I’ve got a friend from Puerto Rico and a few years ago, she introduced me to her favorite Christmastime cocktail from back on the island: coquito.
You guys. If you don’t already, you NEED to know about coquito.
I grew up in central Minnesota, and I come from a long line of Eastern Europeans who settled in the Midwestern part of the U.S. So let’s face it, Puerto Rican cocktails were never really in my purview. But let me tell you, ever since my friend introduced me to coquito, I’m sold on this stuff. If you’ve only had the kind of eggnog we have here on the mainland, you are missing out.
Coquito is thick and creamy like the eggnog I’ve always known and loved, but with the added benefit of also being coconut and cinnamon flavored. Plus, it’s got rum in it. So, you know. WIN.
How to make coquito
In a small saucepan over low heat, add two egg yolks and a can of evaporated milk. Stir constantly, until the mixture reaches 160 degrees F. Remember, you’re dealing with raw eggs here, so reaching 160 degrees is important from a food safety perspective.
Speaking of reading food temperatures, if you’re in the market for a good instant read thermometer, I highly recommend the ThermoPop. I’ve got a red one and I love it. It’s always accurate and displays the temp within just a few seconds. Not sure what more you could ask for from a thermometer.
A few other important things to keep in mind while you’re heating up the egg yolks and evaporated milk: Don’t turn your burner up too high, and be sure to stir constantly. You should gently and slowly heat up the eggs and evaporated milk at a very low temperature. If the heat is too high or you don’t stir it consistently enough, you risk ending up with a scalded, clumpy mess. Yuck.
Once your egg yolks and evaporated milk have reached the magic temperature of 160 degrees, pour the mixture into a blender and add the rest of the ingredients to the blender along with it. Blend until it’s all well mixed, about 30 seconds.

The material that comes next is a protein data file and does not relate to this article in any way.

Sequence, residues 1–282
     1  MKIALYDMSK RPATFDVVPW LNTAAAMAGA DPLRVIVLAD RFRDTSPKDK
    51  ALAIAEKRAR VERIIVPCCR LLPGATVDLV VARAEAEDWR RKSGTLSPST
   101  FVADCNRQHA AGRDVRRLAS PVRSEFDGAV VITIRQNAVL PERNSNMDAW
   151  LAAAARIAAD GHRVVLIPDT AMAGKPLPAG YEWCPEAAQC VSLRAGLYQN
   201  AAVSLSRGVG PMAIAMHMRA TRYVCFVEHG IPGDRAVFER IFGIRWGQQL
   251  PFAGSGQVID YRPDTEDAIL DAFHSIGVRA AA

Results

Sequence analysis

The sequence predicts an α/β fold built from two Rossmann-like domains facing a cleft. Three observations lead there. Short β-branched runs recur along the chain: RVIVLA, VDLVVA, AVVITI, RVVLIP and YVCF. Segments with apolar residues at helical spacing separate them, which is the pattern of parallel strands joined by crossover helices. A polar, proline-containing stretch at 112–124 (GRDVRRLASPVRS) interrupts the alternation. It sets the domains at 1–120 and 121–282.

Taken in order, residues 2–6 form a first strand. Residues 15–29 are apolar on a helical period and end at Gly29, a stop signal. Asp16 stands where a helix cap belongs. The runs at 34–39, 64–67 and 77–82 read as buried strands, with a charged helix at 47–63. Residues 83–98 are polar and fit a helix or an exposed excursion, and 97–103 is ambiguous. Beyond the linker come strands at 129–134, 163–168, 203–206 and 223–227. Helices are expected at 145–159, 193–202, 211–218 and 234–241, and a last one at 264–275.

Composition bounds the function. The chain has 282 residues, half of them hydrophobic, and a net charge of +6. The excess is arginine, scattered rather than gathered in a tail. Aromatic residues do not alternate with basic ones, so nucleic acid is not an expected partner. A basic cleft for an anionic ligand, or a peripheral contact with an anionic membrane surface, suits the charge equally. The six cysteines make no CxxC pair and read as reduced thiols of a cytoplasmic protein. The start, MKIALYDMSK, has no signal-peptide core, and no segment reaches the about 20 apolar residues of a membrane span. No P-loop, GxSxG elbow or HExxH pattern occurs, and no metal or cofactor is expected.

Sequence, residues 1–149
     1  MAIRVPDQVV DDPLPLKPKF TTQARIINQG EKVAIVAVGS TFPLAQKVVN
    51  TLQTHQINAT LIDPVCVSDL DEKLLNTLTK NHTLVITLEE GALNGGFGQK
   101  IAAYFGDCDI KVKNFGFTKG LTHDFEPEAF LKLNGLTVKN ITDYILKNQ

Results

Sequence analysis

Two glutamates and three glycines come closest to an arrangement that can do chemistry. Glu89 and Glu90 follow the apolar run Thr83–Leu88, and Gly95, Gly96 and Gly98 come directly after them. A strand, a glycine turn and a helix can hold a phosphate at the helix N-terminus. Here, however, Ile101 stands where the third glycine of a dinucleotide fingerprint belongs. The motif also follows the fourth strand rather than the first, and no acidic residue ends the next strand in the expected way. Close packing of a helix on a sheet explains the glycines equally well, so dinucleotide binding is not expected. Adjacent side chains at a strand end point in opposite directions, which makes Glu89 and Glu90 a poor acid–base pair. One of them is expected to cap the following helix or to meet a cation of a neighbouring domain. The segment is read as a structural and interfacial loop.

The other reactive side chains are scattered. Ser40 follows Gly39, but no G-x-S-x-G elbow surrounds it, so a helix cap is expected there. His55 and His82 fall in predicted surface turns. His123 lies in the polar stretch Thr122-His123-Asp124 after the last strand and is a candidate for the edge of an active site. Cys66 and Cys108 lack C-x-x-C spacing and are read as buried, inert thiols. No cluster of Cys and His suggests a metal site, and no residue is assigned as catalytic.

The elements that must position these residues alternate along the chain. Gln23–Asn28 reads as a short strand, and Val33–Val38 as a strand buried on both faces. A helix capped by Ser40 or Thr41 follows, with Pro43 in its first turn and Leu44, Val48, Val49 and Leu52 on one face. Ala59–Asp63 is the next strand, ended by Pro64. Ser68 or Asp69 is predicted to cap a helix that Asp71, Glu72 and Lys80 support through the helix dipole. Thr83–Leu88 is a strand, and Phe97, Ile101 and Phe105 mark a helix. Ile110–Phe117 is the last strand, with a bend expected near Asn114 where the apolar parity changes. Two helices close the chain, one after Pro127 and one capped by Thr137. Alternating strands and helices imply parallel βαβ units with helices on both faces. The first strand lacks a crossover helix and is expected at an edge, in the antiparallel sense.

Pour the coquito into a glass container and stick it in the fridge for a few hours to chill — a few hours will do the trick, but overnight is even better. My Puerto Rican friend stored her coquito in empty wine bottles that were re-corked. But I didn’t happen to have any wine bottles lying around, so I used trusty old mason jars to store mine.
When you’re ready to serve, give your jar or bottle a little shake to mix it all up. Then pour into glasses and sprinkle a little extra cinnamon on top as a garnish, if you want to be really fancy.
I’d recommend enjoying a cool, creamy glass of coquito with a big plate of of your favorite Christmas cookies. Like maybe my Grandma Izzy’s epic sugar cookies.
Feliz Navidad, mis amigos.
A traditional Puerto Rican Christmas cocktail that's creamy and coconut flavored.
- 2 egg yolks beaten
- 12 oz evaporated milk
- 14 oz coconut milk
- 14 oz sweetened condensed milk
- 3/4 cup white rum
- 1/4 cup water
- 1/2 teaspoon ground cloves
- 1/2 teaspoon ground cinnamon
- 1 teaspoon vanilla extract
Combine egg yolks and evaporated milk in a sauce pot over low heat. Stir constantly until the mixture reaches a temperature of 160 degrees F.
Pour the mixture to a blender, and add the remaining ingredients. Blend for about 30 seconds. Pour into mason jars or empty wine bottles and chill in the refrigerator for at least four hours.